Hardwood Flooring Info
Our general rule of thumb while fitting Hardwood floors
It is important that you choose, fit and finish your Hardwood flooring in a way that will give a practical, problem free and beautiful floor that is going to last you a lifetime of human traffic and the occasional dance.
Fitting your Hardwood floor
There are a number of different hardwood floor types . Solid floors, engineered board, laminate, parquet. Each type has a different application. Depending on the floor beneath, concrete, wooden joists and so on. This makes it hard for us to cover every aspect of fitting a hardwood floor. However, trying to and be as helpful as possible. We have briefly detailed below some of the most common and recognised methods. However feel free to give us a call for a chat. We are a business that is always happy to help and advise over the phone. If you would prefer, just send me a "Whats app" or eMail with some images of floor type.
It is recommended that when fitting hardwood flooring, an expansion gap is left around the perimeter of the room. This is the case with both solid and engineered wooden floor boards. Most of the time the expansion gap will be hidden beneath a skirting board. Beading is not recommended. Its best to refit the skirtings for a quality finish. There are some areas where a tight finish is required. That will depend a lot on what gap is attainable opposite. But we recommended consulting with us first. It is recommended that when the boards are spanning a width of over 7.5 mtrs additional expansion is provided. In some cases this may not be necessary so please consult with us before. All concrete floors are checked for moisture before hand.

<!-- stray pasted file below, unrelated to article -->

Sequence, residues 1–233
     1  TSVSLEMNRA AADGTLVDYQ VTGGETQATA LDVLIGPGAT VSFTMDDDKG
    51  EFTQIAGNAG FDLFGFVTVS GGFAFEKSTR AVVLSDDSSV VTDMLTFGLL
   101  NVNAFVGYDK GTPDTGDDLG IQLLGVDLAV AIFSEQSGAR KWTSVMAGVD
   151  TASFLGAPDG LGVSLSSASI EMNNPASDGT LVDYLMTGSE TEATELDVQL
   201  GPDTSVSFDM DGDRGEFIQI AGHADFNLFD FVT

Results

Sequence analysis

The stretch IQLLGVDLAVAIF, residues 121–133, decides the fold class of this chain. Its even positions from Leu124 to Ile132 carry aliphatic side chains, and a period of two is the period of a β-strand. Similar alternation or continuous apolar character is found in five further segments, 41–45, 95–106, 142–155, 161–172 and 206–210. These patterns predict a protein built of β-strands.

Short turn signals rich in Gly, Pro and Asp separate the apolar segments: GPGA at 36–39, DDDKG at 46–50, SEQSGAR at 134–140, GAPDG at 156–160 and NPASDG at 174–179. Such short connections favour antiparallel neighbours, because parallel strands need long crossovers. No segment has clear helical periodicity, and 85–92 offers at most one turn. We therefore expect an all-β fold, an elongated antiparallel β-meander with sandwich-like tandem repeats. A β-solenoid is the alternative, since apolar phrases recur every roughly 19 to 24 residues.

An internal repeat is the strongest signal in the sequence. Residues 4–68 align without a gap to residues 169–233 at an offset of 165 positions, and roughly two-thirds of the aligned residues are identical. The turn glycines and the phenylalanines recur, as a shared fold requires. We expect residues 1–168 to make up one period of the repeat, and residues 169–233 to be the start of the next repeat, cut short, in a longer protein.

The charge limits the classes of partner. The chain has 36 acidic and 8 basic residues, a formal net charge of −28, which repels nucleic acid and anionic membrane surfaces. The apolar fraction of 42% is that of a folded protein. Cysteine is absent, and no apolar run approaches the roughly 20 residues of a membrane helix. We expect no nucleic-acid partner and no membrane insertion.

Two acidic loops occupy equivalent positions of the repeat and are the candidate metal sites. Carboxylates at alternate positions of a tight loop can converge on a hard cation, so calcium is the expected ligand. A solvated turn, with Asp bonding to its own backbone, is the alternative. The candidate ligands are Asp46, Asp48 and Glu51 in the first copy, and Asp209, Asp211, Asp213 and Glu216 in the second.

Secret Nailing (Porta Nailing)
Secret nailing your flooring can often be the most straight forward installation method when your floor is to be laid onto a wood sub floor, battens or joists. For those of you who are unfamiliar with the term 'secret nailing' it is when a serrated nail is driven on a 45 degree angle through the tongue of the board using a secret nail gun (commonly known as a Porta-Nailer). Not only will this securely hold the boards tight up against one another and in place, it will also not be visible once the job is complete. When your new flooring is to be laid onto a wooden sub-floor, such as structural plywood, it's your choice as to which direction you feel the boards are going to look the best running.
However, when you new flooring is to be laid onto existing wooden floorboards it is good working practice to run your new boards in the opposite direction to the existing floor. Secret nailing is also a very effective method of installation if your boards are to be laid directly over floor joists. If you purchase a flooring that's strong enough for span joists (a structural flooring), the boards can quite simply be nailed down to each joist providing the joists are no further than 400mm centres from one another.